Following on from my initial successes at Mallory Park, the question for this weekend was whether the very high ambient temperatures would affect the performance of the car.
We arrived on Friday night, unloaded the car and went for a little drive around the Outer Paddock and, oh no, she was misfiring and getting worse. Luckily, John Burton was at this meeting and had experienced similar symptoms with his XK120 Roadster in the South of France only a month earlier. His problem turned out to be an ‘Iffy’ condenser.
Therefore, as Steve set to work on the evening BBQ soiree, it was front off-side wheel off for me to gain access to the Distributor. On a Mallory Dizzy, the condenser is attached to the side of the Dizzy and, of course, it absorbs all the engine vibration and heat from the engine.
Having completed the task, I started the ‘Young lady’ and she sounded very sweet. But, the acid test was a 70 mph thrash around the outer car park at around 8:30 pm and she didn’t miss a beat. Having breathed a great sigh of relief! I detest having to spend a weekend working on a race car that should have arrived in pristine working order!
After this exercise, Steve, Colin Youle and I set about the wine bottle, Aberdeen Angus beef-burgers, Woburn sausages and a very lovely bottle of Italian Montepulcianno and camcorder footage of my last outing with the Bentley Drivers club at Silverstone last August. We all slept very soundly!!!?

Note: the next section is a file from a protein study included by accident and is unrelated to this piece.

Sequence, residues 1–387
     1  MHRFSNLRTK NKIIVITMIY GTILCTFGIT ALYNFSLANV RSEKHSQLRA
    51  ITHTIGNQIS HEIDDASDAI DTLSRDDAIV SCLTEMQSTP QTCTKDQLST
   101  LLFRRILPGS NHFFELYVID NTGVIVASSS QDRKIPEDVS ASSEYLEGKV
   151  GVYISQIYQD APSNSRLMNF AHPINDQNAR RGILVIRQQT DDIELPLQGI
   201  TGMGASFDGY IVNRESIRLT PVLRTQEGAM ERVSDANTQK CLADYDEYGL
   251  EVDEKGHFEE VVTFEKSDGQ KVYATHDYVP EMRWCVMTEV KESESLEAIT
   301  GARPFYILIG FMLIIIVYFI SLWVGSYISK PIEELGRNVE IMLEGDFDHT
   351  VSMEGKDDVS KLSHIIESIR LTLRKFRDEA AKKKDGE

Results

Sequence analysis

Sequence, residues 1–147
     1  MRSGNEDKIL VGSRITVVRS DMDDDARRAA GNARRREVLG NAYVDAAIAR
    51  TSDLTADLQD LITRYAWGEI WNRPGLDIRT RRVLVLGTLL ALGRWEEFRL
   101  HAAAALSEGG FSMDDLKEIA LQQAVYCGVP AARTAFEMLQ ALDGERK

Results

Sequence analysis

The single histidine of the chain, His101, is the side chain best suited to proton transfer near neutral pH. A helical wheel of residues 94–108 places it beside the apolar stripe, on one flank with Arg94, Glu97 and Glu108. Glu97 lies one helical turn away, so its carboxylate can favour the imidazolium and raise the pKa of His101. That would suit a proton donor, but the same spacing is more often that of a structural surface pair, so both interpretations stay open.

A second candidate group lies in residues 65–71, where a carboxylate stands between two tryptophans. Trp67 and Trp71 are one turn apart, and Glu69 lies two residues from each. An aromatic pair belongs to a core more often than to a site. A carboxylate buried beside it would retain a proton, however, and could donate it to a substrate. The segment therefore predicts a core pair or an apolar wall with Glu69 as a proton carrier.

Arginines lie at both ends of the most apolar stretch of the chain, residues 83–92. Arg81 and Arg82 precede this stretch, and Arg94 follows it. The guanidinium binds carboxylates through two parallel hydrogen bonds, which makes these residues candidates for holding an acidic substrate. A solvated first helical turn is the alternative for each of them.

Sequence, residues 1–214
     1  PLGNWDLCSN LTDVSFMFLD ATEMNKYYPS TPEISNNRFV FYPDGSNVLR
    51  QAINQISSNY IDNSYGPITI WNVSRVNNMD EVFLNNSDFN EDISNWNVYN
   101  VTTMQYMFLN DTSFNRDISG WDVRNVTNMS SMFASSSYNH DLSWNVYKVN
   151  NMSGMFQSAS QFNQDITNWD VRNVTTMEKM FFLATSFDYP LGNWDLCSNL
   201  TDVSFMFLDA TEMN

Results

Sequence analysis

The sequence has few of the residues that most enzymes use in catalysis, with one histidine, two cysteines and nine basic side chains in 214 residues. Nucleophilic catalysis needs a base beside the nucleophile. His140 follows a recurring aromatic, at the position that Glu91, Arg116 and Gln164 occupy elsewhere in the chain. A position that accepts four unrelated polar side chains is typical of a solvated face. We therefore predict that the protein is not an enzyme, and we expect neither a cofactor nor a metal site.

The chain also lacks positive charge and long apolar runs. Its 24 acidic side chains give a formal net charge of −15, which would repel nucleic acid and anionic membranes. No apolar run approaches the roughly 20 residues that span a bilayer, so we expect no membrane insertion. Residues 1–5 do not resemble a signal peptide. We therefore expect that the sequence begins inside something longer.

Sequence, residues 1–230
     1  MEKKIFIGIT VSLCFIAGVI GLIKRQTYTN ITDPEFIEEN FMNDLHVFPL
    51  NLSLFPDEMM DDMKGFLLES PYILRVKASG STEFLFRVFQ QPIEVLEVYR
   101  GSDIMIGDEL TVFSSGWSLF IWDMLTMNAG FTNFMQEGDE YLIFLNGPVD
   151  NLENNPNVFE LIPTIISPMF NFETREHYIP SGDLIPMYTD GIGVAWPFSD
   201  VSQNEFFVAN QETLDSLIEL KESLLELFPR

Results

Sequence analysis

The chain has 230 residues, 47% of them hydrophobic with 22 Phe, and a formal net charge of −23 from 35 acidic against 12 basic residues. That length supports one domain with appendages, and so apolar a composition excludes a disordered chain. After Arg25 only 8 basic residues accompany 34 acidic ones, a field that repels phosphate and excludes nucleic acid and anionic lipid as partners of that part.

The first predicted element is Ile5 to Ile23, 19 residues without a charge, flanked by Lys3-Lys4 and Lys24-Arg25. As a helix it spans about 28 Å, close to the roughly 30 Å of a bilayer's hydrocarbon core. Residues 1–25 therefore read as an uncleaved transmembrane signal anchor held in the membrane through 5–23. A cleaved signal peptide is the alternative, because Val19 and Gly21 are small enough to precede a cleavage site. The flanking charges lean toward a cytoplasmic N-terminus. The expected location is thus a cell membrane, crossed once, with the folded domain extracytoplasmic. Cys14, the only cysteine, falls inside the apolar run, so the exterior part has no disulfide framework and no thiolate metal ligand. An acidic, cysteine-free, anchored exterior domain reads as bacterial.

On Saturday, our practice with the Big Healey Boys was at 10:55 hours and it was getting very hot. The outside temperature was 23 Degrees ‘C’. I was a little twitchy (Situation normal) and wanted to be first out from the Assembly Area to put in a few ‘Banker Laps’, as they say in F1, and before the Healeys had warmed their ‘Slicks’.
It paid off and I was only about 1.5 seconds a lap slower than my best time in my XK150 with the 3.8 Litre engine and with Disks Vs. Drums, as a Class ‘A’ FIA Entry.
Returning to the Paddock the engine was a little warm, to say the least, but with the fan left on for 5 minutes, she soon cooled down and, more to the point, the water system contained all the H2O with no over-pressurisation.
Out of 25 cars of mixed marque in the race, I qualified 19th, but only 6th out of 8 XK’s.
Our race was at 16:15 hrs and, by that time we were reading 26 Degrees C on the ‘Richter’ scale of temperature (Joke). This was going to be a testing race for the car and for me.
The race became a race of attrition. With a combination of overheating cars, a very slippery circuit from all the races throughout the day and a good many ‘Offs’! We lost some seven cars.
I had a wonderful start overtaking three cars and by half way through the lap I had passed another two.
It was hot, but once I had cleared a lot of the masses I settled down to race smoothly and watch all the dashboard ‘Dials’, especially my water temperature gauge, which settled at about 95 Degrees C. I overtook another couple of cars and fended off a rather quick Harvey Woods in his beautifully turned out Austin Healey 100M, who was also braking with drums.
I finished 11th overall in the ‘Lackford Engineering Austin Healey Championship race with the JEC XK Series’ out of 25 cars.
My results from the race were:
3rd overall in the Jaguar XK race and
1st in Class ‘A’ for the FIA Appendix ‘K’ Jaguar cars.
My next race will be at Brands Hatch on Saturday the 26th June with the AMOC.